Deerfield — Settlement, Indian Purchase
Extracted from "History of the Connecticut Valley in Massachusetts, Volume II," by Louis H. Everts, 1879.
Having laid out the grant according to the direction of the court, Dedham proceeded to perfect its title, according to the policy of the colony, by buying the land of the native claimants. June 4, 1666, two men were appointed by the town "to employ the Worshipful Col. Pynchon to buy the Indian title in the 8000 acres." It appears that on the 6th of June, 1667, he had expended £40 in this service. Previous to this date he had procured two deeds,—one from Wut-taw-o-lunck-sin, of an unknown date, the other dated Feb. 24, 1666-67, from "Chank, Sachem of Pacumtuck," "for himself and his Brother Wap-a-ho-ale." This is given below.
June 13, 1667, another deed was signed by Ma-se-a-mot, alias Mil-ke-na-way, conveying all his rights save the liberty of fishing. On the 22d of July, 1667, an unreserved sale of all his land at Pocomptuck was made by A-him-un-quat, his brother Grin-mach-chue receiving from the pay "20 fadam, and approved of the sale of the land." These three deeds were procured by John Pynchon, and were made running to "Maj. Eleaser Lusher and Daniel Fisher, of Dedham, their Associates, and theire heires and assigns for ever." The consideration paid Col. Pynchon for these purchases was £96 10s.
On the 6th of August, 1672, Col. Pynchon obtained from Masshalisk, mother to Wuttawoluncksin, the deed of a large lot of land lying on the Connecticut, in payment of her son's debts to Pynchon, he being at this time dead. Pynchon does not appear to have ever laid claim to this land under this deed, and there is reason to think that it covered the same tract previously sold by Wuttawoluncksin to Dedham. The price paid the Indians for the Pocomptuck lands seems trifling; if the deeds covered the whole grant, the price was about three pence per acre. The land was of no use to the Indians at that time; they could not occupy it as a residence for fear of the Mohawks, and they reserved all that was of real value to them,—the right of hunting, fishing, and gathering nuts. Not a very high value was put upon this land by the new owners. They paid nearly one-tenth of the whole grant for locating and surveying it; and soon after the purchase a large tract, covering some of the choicest meadow-land, was offered for eight pence per acre. In view of all the facts, it appears that a fair price was paid the Pocomptucks for their lands.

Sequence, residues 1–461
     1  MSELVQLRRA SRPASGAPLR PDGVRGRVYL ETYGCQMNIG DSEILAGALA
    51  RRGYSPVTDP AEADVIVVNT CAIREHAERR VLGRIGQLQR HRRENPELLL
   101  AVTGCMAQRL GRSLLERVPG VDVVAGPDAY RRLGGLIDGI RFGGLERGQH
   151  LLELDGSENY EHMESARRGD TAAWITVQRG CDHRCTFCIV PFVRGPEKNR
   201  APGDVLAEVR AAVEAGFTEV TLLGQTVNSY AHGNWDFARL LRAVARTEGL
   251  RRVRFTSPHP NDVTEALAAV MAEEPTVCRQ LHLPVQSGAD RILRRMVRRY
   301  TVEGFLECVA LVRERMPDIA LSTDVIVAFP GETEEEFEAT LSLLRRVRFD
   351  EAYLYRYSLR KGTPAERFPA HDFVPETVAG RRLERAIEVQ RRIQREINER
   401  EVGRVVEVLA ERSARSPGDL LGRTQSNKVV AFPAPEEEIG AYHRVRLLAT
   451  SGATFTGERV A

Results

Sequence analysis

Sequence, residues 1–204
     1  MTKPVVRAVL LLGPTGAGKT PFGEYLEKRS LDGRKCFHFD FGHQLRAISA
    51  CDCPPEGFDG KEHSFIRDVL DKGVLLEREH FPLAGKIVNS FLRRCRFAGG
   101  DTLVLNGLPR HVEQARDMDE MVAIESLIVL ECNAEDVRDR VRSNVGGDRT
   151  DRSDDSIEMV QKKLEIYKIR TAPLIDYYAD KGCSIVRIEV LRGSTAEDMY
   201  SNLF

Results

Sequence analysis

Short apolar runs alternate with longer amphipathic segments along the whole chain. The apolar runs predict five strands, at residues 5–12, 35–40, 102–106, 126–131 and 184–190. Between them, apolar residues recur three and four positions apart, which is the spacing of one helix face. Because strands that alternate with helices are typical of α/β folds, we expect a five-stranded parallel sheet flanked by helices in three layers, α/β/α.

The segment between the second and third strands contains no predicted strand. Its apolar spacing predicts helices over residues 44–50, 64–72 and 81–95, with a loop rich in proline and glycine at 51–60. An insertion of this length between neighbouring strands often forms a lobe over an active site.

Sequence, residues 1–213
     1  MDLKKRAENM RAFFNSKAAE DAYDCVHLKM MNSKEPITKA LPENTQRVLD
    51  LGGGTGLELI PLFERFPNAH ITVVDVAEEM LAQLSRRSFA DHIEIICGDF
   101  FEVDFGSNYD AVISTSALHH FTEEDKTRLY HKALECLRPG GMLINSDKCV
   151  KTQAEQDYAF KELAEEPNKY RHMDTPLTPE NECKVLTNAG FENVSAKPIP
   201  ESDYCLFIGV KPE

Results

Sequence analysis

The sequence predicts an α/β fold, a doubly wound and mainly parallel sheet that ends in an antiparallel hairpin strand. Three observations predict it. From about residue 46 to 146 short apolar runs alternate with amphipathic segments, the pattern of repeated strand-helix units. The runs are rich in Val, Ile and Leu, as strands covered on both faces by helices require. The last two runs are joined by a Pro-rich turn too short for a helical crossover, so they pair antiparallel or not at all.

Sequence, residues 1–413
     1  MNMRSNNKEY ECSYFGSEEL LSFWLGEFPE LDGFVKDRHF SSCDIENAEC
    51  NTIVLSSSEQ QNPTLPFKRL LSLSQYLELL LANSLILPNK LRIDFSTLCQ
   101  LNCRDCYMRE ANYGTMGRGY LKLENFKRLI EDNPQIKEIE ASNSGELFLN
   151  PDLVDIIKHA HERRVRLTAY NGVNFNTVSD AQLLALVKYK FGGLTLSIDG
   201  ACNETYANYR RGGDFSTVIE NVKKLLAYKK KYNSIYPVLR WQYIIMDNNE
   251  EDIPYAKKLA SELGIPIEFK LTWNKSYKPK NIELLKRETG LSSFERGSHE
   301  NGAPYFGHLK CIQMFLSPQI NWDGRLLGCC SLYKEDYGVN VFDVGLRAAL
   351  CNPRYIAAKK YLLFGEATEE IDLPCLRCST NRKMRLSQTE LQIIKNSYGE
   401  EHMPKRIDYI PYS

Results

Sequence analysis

Having taken these measures to secure its title, Dedham set about plans for a settlement on the grant. It is an interesting fact that, so closely did the footsteps of advancing civilization follow upon the heels of retiring barbarism, on the very day that the sachem of Pocomptuck set his mark to the deed conveying all his Pocomptuck lands to the English forever, the people of Dedham, in town-meeting assembled, imposed a tax upon these very lands for the support of a Christian ministry there. The vote ran, "That each proprietor's land there shall pay annually toward the maintenance of an orthodox minister there two shillings for every cow-common that he shall keep in his own hand, whether he shall be living there or at Dedham." Whether on account of this tax, or for other reason, many cow-commons (or rights) at Pocomptuck were put upon the market about this time.
Gov. Leverett bought 312 acres, which he sold to Col. Pynchon, Oct. 31, 1667, for "6 pounds current money of New England, and for several barrels of tar in hand paid." Before the settlement more than 2000 acres had passed from the Dedham owners.
The 8000-acre grant was made to the "proprietors of Dedham," and their individual right in the grant was the same as that by which they held shares in the common land in Dedham. This latter was held in 523 shares, called "cow-commons," and the same rule applied to the newly-acquired territory.
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